If we always paid for a portrait, then we had better keep paying for a portrait.  We might have to cut a few services, but let us stick to whatever was the more traditional course of action.  It is important to bear in mind that all traditions are equal in value and all are good.  Perhaps we could bring back ducking witches in the loch?  Yes, to question traditions is to question culture and nationalism – and where would be without nationalism?

In my world, it is the 21st Century.  The whole world is under different pressures than it was when these wonderful traditions came about.  There should be more enlightenment and compassion than brutality and superstition; we have run out of excuses.  But then I turn on the news, and realise that I have got it wrong again.

Old Susannah is now out to catch something for dinner, and possibly bash a few enemies over the head with my wooden club.  Now where did I leave my bow and arrows?

Next week:  hopefully some FOI news, more definitions, and a back-to-school special look at education.

Mar 252011
 

In January 2011, Richard Pelling posted a blog entitled Triple Kirks Nonsultation?’ about what was going on at The Triple Kirks site. At this stage, the plans for the site had already been subject to intense local criticism, inspired a poem and had even received a bit of a national mauling in Private Eye (Eye 1279, page 16). Richard now brings us up to date.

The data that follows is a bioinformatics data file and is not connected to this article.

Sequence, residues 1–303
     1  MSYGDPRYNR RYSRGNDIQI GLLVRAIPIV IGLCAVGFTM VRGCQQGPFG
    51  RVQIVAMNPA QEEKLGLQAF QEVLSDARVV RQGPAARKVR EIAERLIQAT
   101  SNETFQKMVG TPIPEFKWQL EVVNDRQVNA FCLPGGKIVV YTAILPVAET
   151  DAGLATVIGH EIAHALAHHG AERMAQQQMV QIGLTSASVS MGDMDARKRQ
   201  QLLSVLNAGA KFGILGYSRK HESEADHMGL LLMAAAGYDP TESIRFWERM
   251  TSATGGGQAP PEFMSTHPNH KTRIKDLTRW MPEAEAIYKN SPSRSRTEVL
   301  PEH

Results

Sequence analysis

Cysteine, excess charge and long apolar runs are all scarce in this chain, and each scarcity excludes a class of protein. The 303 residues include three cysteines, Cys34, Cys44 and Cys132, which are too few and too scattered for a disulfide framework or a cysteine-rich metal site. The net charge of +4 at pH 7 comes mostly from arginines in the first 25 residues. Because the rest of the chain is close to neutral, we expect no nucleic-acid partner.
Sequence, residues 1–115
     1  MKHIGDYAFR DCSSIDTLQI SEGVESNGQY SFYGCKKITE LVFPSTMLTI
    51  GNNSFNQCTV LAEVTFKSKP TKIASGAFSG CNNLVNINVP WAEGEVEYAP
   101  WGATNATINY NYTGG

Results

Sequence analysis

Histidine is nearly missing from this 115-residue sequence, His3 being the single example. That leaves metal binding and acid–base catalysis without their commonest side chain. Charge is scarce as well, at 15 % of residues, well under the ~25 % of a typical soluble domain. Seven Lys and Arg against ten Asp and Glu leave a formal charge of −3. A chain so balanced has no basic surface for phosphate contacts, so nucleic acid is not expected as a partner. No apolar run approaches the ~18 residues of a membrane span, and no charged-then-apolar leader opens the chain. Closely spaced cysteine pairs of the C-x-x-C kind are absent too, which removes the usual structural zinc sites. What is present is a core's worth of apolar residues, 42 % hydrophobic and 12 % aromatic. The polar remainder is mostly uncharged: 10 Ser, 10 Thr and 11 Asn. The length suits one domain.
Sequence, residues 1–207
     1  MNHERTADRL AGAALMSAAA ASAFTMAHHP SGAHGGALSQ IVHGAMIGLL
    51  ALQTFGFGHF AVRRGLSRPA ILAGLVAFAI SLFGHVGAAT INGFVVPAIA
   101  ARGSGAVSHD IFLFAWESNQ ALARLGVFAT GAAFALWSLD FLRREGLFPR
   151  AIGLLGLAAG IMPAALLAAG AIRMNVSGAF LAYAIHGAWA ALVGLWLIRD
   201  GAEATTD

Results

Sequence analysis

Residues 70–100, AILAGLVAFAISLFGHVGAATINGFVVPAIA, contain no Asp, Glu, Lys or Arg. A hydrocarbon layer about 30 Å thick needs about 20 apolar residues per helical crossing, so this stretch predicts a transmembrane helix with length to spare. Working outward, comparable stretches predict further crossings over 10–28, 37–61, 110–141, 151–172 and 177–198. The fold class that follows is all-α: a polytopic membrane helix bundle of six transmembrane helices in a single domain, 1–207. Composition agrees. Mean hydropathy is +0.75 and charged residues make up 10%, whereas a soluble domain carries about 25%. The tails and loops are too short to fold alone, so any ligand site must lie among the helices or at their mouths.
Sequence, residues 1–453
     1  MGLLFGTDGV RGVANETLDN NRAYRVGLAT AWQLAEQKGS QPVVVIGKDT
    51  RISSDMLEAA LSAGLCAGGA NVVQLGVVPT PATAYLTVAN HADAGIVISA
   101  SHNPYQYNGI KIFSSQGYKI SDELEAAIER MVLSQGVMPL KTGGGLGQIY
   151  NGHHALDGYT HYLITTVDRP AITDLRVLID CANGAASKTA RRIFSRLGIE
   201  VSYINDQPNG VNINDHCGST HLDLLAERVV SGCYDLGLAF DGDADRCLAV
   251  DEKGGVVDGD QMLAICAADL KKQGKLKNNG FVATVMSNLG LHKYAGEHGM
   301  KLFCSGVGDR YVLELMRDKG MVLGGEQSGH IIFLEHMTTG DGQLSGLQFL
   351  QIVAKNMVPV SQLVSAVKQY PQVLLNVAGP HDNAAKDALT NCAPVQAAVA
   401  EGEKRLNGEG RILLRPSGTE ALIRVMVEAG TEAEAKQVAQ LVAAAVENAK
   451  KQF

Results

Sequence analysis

In February,  Stewart Milne Group (SMG) submitted an Environmental Impact Assessment (EIA) screening option request to determine if they would need to carry out an EIA prior to submitting plans – to which we of course made comment.

It turns out that given that the site is less than 0.5 hectares in size and “does not fall within a sensitive area”,  no EIA is required.

So, the presence of the Schedule 1 listed Peregrine Falcons on site apparently does not merit any special attention and no study of the potential impact on them is required. Sad.

While on the subject of the majestic Peregrine, it is worth pointing out that the registered address of SMG is, ironically, Peregrine House in Westhill. Want more irony? Of course you do! One of the items cited in the Corporate Social Responsibility section of the SMG website is Protecting our Native Birds.

With the pesky matter of the requirement for an EIA out of the way, the plans for the proposed development were duly submitted to Aberdeen City Council in March.